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We offer two complementary educational paths: the International Baccalaureate Continuum of Programmes and the English National Curriculum. Learn more about the option that may be appropriate for your child below.

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The British School Celebrates 40 Years

by Andrew Freeman, British School Principal

In the year Princess Diana became royalty and “the internet” was first being introduced to the world, the British School at Seoul Foreign School started its journey towards what it is today: a school where values build community and where learning connects students to relevance in the world around them.

Back in the Spring of 1981, members of the British Council, the British Businessmen’s Group and the British Women’s Group formed an ad-hoc committee to consider options to provide a British Style education in Korea. One possibility involved linking with an existing non-profit organisation. The committee reached out to Seoul Foreign School, and soon discussions were underway with Head of School Richard Underwood.

Things moved quickly from that point and by June 1981 an agreement was signed. On August 25 of that year the British School opened its doors for the first time with two classes, 17 children and two UK-qualified teachers in the first Headteacher Denis Suray and Victoria Sargent. Today, those same doors would lead you into a teacher’s apartment in C-block and that might be a bit of a squeeze with our current population reaching 260 students.

Seoul Foreign School British School has had several homes since 1981. Growing quickly during its first year, the school was moved to classrooms in the Gymnasium Block in 1982 and, with growth each year, one class spilled out into a prefabricated hut built where E-block parking currently is located. This hut was quickly removed after a city authority observation helicopter flight discovered it and found it had no planning permission!

In 1984, the British School had built a reputation that was strong enough for the school to be recognised as a permanent entity. With permission granted, a new school building was completed in 1986 and opened by the British Ambassador Sir Nicholas Spreckley on May 29, 1986. A stone in our reception area recognises this date.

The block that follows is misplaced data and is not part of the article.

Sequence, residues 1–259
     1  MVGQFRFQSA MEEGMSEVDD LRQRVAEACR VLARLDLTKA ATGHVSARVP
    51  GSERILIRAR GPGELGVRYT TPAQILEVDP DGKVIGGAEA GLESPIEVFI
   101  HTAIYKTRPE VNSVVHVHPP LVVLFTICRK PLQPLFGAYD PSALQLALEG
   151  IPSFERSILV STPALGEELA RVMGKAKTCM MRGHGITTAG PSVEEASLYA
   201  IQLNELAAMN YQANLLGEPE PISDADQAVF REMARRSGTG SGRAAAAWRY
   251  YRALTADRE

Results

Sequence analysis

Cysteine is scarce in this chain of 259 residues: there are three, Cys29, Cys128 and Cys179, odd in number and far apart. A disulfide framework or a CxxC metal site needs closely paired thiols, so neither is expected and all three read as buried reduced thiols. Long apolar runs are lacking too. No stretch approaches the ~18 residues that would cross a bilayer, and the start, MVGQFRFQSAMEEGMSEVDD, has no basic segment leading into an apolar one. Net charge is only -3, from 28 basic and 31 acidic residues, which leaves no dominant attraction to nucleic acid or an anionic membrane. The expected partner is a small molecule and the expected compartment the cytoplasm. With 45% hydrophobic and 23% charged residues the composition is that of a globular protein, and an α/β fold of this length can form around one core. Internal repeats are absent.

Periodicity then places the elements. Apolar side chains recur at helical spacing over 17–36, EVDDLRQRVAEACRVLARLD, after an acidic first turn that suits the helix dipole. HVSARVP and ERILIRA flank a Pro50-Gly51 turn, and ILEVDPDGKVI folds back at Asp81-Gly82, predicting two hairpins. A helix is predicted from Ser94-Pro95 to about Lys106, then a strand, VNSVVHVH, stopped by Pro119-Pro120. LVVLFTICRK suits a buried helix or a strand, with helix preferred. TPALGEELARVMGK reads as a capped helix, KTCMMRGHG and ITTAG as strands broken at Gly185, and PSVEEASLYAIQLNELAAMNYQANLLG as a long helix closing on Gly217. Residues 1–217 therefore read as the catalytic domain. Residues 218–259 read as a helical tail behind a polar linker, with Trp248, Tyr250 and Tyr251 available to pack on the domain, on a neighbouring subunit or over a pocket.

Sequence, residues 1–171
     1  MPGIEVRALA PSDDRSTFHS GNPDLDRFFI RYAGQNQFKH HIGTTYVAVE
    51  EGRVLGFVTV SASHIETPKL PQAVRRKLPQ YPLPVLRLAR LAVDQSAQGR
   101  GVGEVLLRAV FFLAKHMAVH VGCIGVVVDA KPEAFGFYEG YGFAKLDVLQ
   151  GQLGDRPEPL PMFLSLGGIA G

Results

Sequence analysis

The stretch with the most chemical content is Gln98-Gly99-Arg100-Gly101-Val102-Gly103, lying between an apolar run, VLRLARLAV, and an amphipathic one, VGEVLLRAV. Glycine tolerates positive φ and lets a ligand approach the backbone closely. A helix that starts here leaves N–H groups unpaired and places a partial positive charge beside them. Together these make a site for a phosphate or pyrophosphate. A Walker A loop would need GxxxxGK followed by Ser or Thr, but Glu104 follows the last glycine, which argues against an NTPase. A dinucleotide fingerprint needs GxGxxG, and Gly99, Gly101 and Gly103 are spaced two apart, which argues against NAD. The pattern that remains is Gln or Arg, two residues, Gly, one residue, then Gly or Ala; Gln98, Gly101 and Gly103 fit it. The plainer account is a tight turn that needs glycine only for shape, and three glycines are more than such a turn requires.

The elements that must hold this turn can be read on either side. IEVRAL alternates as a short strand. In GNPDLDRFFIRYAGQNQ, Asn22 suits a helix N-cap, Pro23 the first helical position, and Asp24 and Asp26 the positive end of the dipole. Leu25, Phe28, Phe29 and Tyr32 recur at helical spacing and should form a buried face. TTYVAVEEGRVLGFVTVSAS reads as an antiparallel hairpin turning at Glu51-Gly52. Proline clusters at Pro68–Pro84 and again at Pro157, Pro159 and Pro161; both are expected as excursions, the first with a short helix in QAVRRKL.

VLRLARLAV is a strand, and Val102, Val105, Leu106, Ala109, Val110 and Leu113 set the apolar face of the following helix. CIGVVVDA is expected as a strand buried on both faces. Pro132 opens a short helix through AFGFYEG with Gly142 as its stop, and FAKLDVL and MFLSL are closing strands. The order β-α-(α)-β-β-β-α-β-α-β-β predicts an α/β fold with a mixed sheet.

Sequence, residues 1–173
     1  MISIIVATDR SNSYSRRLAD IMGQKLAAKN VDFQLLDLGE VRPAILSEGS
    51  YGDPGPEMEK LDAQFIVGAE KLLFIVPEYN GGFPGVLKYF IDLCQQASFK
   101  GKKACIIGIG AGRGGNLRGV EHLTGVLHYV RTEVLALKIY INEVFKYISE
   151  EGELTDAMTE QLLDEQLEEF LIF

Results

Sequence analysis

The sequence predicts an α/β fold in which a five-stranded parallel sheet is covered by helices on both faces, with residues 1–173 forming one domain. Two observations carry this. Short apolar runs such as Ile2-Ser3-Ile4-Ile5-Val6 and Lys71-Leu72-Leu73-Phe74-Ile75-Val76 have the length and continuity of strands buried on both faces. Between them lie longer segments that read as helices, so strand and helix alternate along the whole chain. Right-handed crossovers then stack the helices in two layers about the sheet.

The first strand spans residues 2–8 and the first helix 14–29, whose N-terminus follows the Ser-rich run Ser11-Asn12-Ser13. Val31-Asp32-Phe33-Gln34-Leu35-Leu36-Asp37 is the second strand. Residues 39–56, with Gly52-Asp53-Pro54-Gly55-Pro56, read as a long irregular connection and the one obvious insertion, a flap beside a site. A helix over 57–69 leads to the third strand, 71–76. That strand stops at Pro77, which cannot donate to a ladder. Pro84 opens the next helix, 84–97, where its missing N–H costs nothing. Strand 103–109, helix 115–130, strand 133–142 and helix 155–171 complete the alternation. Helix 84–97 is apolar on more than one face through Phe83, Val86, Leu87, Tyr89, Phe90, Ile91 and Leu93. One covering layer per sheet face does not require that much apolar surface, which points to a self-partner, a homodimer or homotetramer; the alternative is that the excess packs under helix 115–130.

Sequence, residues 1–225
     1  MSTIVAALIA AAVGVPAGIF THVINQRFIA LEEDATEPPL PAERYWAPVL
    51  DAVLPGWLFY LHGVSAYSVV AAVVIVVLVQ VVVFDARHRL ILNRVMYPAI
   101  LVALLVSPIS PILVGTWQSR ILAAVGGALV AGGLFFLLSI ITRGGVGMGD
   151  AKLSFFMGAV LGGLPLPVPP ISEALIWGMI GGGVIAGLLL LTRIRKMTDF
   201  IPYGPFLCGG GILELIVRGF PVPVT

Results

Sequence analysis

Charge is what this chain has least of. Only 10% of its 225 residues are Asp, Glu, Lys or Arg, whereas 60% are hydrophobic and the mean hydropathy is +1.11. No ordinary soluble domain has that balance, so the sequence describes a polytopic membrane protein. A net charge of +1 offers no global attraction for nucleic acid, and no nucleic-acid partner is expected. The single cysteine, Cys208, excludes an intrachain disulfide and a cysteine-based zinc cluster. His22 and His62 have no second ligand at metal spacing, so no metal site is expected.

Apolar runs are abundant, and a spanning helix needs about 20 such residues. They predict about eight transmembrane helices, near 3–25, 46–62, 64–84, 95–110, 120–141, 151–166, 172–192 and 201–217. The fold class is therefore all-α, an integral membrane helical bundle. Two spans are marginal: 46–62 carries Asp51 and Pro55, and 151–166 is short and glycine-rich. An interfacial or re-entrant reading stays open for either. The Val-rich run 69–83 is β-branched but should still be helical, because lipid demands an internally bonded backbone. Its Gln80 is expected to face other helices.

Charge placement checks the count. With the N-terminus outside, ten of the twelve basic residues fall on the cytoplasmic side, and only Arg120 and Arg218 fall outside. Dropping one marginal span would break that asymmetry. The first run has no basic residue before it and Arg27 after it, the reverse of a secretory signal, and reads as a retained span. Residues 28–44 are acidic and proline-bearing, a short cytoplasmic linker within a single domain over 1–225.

The school continued to grow, reaching 137 students by September 1992. In that same year, the school welcomed a royal visit from Princess Diana, who married the same year the school was founded. Recently we caught up with Rosie Jon, a British School student from 1986 to 1993, who welcomed Princess Diana with a bouquet of flowers. 

Since then, the school has continued to grow and establish itself as a school of choice in Seoul, offering a British-focused education to global learners. Our alumni have settled all over the world, and currently our student body is composed of 27 different nationalities. Long-standing traditions have established themselves, such as the school uniform that has been compulsory since the second year of the school’s existence, Scottish Dancing thanks to Gavin McKay, one of the early adopters and supporters of the British School, and sending our choir around Seoul to sing at different locations and events, a fond remembrance of Rosie’s during her time as a student. We live out our core values of responsibility and respect through service learning, such as the year-long community projects our Key Stage 3 students design and participate in.

Following several years of growth through the challenging times of COVID-19, the school population is currently around 260 students. Alongside the English National Curriculum for Maths and English, we have recently introduced innovative frameworks for international learning (IEYC, IPC, IMYC) in all other subjects which add thinking, collaboration, and relevance to a strong learning environment. These are underpinned by six core values that bind the community together and give it its reputation of being ‘like a family’, where everyone puts each other first in a safe environment. That thing that people called “the world internet” in 1981, now helps support learning around global issues, connects us as a community, past and present, and shares our stories with the world. Come and join us, either as part of our physical community or out there in the world internet.

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